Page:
Julia Louis-Dreyfus is reflecting on five years of living cancer-free.
The Seinfeld star, 62, was diagnosed with stage II breast cancer in September 2017. In October 2018, she announced she was in remission after undergoing a double mastectomy and six rounds of chemotherapy.
In conversation with WSJ. Magazine — which named Louis-Dreyfus its entertainment innovator of the year — the actress recalled the moment she found out about her diagnosis.
The morning after winning an Emmy Award for Outstanding Lead Actress in a Comedy Series for her role as Selina Meyer in Veep — her sixth consecutive Emmy — in September 2017, she received a call from her doctor with the news.
After hanging up the phone, the actress said she doubled over with laughter. “I mean, it felt like it was written,” she said in the interview, published on Wednesday, November 1. “It felt like it was a horrible black comedy. And then it sort of morphed into crying hysterically.”
Louis-Dreyfus admitted she was also terrified. “You just simply don’t consider it for yourself, you know, that’s sort of the arrogance of human beings,” she said. “But of course, at some point, we’re all going to bite it.”
The actress has started “living more mindfully” in the years since. “It’s not like it’s yakking at me all the time, but there’s more laser focus,” she explained.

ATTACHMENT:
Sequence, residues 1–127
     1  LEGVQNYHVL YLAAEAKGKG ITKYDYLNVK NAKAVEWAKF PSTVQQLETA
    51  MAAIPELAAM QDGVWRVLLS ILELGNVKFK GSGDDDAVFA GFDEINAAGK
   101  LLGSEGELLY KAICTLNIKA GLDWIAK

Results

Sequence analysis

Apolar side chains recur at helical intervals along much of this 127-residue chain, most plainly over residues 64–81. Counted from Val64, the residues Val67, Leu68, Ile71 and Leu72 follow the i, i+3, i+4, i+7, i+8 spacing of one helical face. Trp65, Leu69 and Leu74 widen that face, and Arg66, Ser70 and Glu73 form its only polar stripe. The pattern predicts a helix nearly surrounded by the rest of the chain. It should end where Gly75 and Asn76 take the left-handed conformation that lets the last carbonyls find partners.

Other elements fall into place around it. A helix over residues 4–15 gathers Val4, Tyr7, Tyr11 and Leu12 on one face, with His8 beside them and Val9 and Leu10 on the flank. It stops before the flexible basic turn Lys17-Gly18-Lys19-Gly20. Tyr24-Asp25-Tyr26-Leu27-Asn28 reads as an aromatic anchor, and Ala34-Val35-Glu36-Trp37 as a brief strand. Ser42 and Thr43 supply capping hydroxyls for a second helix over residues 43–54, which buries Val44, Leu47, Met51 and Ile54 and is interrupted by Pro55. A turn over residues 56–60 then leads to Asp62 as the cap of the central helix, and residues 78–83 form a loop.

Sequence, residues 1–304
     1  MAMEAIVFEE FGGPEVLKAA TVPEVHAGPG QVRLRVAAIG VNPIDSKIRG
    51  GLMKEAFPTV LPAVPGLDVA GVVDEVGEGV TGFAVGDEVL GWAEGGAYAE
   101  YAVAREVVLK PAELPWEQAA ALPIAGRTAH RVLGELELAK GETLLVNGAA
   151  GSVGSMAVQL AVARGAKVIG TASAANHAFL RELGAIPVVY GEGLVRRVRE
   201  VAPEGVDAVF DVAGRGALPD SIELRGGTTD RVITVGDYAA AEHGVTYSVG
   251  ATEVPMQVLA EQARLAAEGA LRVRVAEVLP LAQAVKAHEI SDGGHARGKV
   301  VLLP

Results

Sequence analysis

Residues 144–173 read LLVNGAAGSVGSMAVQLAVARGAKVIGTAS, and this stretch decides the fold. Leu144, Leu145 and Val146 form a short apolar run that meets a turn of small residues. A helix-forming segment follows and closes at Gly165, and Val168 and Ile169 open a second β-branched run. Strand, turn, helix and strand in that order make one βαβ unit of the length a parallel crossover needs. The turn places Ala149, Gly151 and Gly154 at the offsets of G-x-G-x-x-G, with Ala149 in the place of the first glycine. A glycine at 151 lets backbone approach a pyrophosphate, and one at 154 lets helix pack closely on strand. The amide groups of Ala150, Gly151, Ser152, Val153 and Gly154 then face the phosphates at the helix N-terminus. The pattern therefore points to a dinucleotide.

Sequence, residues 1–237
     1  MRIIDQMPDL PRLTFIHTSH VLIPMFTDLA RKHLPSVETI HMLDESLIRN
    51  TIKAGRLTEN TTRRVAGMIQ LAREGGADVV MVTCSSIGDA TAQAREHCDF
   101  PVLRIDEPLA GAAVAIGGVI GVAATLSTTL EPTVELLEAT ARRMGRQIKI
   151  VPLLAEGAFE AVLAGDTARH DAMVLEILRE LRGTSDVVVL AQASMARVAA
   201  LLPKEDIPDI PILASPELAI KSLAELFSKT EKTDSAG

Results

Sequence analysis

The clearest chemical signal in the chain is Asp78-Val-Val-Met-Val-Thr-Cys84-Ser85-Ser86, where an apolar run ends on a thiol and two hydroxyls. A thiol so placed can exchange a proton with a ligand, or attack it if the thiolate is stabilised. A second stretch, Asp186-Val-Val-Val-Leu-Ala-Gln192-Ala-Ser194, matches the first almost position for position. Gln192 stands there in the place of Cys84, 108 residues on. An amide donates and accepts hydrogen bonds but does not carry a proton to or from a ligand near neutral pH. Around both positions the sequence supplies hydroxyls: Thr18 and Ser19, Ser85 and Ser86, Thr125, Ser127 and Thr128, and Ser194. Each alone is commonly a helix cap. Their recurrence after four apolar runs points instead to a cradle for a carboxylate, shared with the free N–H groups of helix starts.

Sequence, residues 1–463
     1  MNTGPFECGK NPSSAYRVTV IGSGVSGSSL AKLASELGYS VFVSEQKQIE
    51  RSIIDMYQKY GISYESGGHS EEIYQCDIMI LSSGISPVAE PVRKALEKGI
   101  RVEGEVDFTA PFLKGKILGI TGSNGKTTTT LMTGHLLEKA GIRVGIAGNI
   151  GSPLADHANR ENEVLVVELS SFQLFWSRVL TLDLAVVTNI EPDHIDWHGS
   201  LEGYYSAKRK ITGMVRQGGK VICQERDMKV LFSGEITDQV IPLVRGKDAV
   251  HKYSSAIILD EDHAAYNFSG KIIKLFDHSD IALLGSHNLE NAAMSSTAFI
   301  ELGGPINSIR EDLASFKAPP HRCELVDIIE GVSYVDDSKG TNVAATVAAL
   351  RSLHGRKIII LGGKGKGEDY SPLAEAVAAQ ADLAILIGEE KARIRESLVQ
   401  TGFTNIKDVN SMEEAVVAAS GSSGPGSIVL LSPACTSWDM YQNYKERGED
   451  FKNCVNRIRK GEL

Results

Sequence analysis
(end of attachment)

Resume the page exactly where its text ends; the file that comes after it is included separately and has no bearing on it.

During an appearance at the New Yorker Festival in October, the Veep star explained why her initial reaction was laughter when receiving her cancer diagnosis.
“Well, because the night before, I had won an Emmy. And so, I came downstairs and … the Emmy was there. It was, like, on the dining room table. I’m coming down to get coffee. My cell phone rings, and it’s my doctor saying, ‘Guess what, you have cancer,’” she told the audience, per People.
“And I’m like, ‘Huh? What?’ And so, it was a very bizarre juxtaposition,” the actress continued. “And, of course, I did laugh, and then I became hysterical, crying, because I was terrified, as most people are, or as all people are if they get a diagnosis like that.”
Louis-Dreyfus also credited her support system for helping her get through such a difficult time. “I have a very strong and supportive family, and for which I am eternally grateful, upon whom I relied — sisters, husband, my sons, my mother, my mothers, my stepmother, everybody,” she said.